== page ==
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Through A Mortgage Lender Eyes - What Are Banks Really Looking At When You Apply For A Mortgage

May 7, 2020 | Posted by: Jeffrey Kioussis

Through A Lenders Eyes
 
How will lenders look at my application and what factors play a role in my application?
 
As you may know there are three primary mortgage market that provide property financing.  Each market has different criteria.  Our primary lenders, also known as “A Lenders” include banks, trust companies and other monoline lenders.  They tend to offer best rates and products for mortgages and have the highest qualification standards in our market place.  “B lenders” known as alternative lenders have more flexibility and risk tolerance.  They are also more understanding to situations and background information when making their decisions.  Still competitive when it comes to rates but fit niche product criteria.  Private lenders deal with each mortgage on a case by case basis.  They have their own set of criteria for qualification and are more flexible to an individual’s needs.  It is important to remember that these are basic outlines and of course can have some flexibility or have other options available.  It is important to speak to a mortgage professional to help distinguish where your application should go.
 
Now, how do my lenders look at my application.  Well they are different from lender to lender of course.  The general rule of thumb is a lender will examine the 5 C’s of borrowing which are credit, character, capacity, collateral and capital.
 
We will work through each of the items above and give you a breakdown of each are used by types of lenders. 
 
Credit
A detailed credit report must be provided to any lender.  This must be obtained by your mortgage professional and once again by your lender.  What is being looked at here would be if you have had difficulty meeting payments in the past?  Are you at your credit limits and do you pay them in full each month?  Length of your credit history also plays a role.
A lenders” generally are looking at a minimum credit score of 1 applicant to be 650 or higher.  “B lenders “are looking for 550 or higher and private lenders have no real bottom for your credit score.  If there are any points of questions or concern that you are aware of on your report it’s always good to have to have them explained prior to submitting an application.  Things such as loss of a job, divorce or separation or helping to support an elderly or ill friend or family member can all be explained.  Your repayment history and responsibility level are outlined on your credit report which give a good insight into your character and spending habits or an explanation of where things went wrong.
 
Capacity
Lenders are of course concerned on if the loan can be repaid.  The main concern is can you afford the payments as well as the rest of your living and credit expenses.  This is where your income plays the biggest role of course.   Lenders utilize ratios such as GDS (Gross Debt Service Ratio) & TDS (Total Debt Service Ratio) to calculate affordability.  Consult with your mortgage professional  to help you with finding out what your GDS & TDS are.  “A lenders” are looking for a maximum GDS ratio 32%-39% and TDS ratio of 40%-44%.   The range is dependant of other factors such as credit, types of debts and collateral.  “B lenders” are looking for a maximum GDS of 45%-50% and TDS of 55%...again have different factors involved that determine the maximum.  Private lenders have their own preferences which are dictated by circumstances.  In the case of equity loans, they are completely irrelevant.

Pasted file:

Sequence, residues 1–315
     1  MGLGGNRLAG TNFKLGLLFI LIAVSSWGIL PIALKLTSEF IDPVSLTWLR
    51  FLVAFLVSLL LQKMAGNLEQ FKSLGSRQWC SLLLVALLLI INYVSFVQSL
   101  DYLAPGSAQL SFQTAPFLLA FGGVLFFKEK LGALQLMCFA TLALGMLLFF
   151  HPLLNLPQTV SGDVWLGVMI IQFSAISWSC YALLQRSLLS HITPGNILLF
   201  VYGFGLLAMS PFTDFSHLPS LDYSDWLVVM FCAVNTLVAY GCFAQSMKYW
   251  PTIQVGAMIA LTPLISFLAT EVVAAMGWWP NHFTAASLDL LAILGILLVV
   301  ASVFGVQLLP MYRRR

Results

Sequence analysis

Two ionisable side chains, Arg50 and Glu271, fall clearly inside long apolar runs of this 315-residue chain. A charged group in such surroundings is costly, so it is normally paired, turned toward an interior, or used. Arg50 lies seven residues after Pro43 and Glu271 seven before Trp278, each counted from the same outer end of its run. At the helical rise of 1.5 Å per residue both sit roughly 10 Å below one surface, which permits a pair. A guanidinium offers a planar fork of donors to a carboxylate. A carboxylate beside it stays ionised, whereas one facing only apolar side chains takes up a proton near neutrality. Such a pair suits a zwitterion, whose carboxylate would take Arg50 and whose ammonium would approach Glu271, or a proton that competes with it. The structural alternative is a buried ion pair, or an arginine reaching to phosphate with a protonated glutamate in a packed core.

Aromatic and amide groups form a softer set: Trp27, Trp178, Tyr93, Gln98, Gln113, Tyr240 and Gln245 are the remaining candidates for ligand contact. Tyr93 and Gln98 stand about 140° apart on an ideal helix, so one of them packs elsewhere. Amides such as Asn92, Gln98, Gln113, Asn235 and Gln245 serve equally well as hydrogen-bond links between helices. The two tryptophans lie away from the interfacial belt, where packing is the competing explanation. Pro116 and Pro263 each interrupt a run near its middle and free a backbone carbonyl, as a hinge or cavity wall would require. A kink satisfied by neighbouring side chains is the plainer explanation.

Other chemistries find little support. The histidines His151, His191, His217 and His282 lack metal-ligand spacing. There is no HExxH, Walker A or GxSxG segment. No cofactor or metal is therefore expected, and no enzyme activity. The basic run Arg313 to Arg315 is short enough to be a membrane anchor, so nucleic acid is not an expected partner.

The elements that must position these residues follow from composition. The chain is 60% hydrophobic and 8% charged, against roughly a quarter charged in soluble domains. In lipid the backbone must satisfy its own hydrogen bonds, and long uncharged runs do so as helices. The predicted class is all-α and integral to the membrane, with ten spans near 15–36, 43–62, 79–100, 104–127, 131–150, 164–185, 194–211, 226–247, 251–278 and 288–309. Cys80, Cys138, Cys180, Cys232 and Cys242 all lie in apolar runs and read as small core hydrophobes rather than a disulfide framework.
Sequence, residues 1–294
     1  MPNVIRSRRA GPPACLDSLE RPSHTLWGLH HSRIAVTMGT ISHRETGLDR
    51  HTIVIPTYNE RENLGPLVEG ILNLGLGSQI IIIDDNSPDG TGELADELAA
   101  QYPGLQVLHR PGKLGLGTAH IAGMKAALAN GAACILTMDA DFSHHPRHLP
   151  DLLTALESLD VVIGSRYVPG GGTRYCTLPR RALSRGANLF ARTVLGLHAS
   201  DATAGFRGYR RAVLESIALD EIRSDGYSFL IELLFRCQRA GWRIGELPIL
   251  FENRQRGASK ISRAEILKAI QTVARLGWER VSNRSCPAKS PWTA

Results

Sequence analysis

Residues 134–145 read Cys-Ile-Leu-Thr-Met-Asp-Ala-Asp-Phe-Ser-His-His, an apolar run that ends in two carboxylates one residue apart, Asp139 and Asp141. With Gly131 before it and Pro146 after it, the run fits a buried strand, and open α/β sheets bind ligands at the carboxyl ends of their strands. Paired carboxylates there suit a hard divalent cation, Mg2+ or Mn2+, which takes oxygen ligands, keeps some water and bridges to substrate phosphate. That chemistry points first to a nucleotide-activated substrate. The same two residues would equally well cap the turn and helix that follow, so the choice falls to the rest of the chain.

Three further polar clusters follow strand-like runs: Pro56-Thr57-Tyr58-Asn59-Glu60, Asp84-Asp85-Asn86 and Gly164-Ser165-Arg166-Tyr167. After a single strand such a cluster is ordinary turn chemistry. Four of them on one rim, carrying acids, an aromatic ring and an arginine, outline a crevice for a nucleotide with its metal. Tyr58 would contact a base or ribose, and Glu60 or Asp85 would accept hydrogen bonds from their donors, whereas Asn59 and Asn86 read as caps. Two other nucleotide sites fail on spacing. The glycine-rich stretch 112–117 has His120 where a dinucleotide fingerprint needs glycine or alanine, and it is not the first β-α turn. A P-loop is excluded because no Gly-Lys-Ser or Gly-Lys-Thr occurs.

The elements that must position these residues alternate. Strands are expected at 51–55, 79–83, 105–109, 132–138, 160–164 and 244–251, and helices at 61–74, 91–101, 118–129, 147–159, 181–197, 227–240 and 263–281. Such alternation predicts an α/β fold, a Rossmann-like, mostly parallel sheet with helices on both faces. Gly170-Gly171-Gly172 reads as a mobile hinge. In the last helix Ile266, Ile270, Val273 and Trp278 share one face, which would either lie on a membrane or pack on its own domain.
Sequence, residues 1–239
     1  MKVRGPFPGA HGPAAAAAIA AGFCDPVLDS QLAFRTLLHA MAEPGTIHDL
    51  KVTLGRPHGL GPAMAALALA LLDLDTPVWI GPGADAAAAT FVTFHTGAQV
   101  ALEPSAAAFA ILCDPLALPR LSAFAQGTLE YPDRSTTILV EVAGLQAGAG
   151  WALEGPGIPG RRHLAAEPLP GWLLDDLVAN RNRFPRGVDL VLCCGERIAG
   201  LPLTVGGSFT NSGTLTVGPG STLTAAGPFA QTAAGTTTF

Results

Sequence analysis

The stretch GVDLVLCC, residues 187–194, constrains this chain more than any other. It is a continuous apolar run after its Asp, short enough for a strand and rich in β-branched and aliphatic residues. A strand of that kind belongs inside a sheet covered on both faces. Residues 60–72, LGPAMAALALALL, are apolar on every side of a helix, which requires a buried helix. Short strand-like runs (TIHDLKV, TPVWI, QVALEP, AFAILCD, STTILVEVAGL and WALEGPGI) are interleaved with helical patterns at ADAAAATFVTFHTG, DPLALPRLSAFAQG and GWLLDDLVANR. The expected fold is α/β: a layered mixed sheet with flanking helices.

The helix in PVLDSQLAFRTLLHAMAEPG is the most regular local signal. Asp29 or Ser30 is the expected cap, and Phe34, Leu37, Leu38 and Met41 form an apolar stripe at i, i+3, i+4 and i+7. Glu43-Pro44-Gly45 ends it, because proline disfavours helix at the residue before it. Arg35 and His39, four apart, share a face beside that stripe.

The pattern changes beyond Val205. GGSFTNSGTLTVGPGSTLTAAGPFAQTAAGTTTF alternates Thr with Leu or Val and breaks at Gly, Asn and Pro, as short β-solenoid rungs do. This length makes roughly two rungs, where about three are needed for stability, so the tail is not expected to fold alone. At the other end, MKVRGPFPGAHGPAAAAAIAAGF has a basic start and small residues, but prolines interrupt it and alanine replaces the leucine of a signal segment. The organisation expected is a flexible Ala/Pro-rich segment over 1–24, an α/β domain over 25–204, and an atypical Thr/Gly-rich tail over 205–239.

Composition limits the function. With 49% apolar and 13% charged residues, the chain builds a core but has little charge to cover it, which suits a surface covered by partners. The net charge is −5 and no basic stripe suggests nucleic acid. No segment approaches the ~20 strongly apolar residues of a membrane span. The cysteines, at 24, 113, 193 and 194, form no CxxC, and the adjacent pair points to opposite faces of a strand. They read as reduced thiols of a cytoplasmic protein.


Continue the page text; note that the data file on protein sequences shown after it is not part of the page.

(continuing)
Collateral
This is thought of as security for repayment of the loan to the lender.  Collateral is used in secured financing such as a mortgage to help mitigate the risk factor to the lender.  Lenders would like to know the marketability of the property in the event of default (appraisal).  It could also be additional assets you have or a co-signer can be considered as part of the collateral.  There is no guideline for the various markets as to weight of collateral and how it is measured.
 
Capital
This is your net worth which is your assets minus your liabilities.  LTV or loan-to-value ratio’s an important part of your net worth.  Your down-payment or acquired equity lets a lender know how much “skin in the game” you have.  This will also be important to help your lender distinguish if you will have access to funds should you incur any unforeseen circumstances.
Items such as savings, equity, assets and investments allow a bigger picture of finances to a lender.   Default insurance helps to mitigate risk as well which will entitle you to lower rates as well and make your financing easier.  In the “A market”, you are looking at a minimum of 5% minimum equity in your property.  “B market” requires a minimum of 20% equity in your property.  Private market requires a minimum of 5%-10% equity in your property. 
 
Character
Lenders want to know that as a borrower, you are trustworthy and will meet your obligations to them. Lenders will take factors such as length of employment or how long your business has been operating, your tendency to save and use credit responsibly to establish your character and determine whether you are a borrower that they can trust with their loan.
 
 
There you have it, you have a pretty good understanding how a lender will examine and review your application.  Not all of the 5 c’s need to be perfect in alignment to obtain a mortgage.  Your mortgage professional will put the proper emphasis on the proper field to best serve you.  Every lenders will put focus and emphasis on different parts and in different measures but you should have an idea of where you are aiming to target.
 

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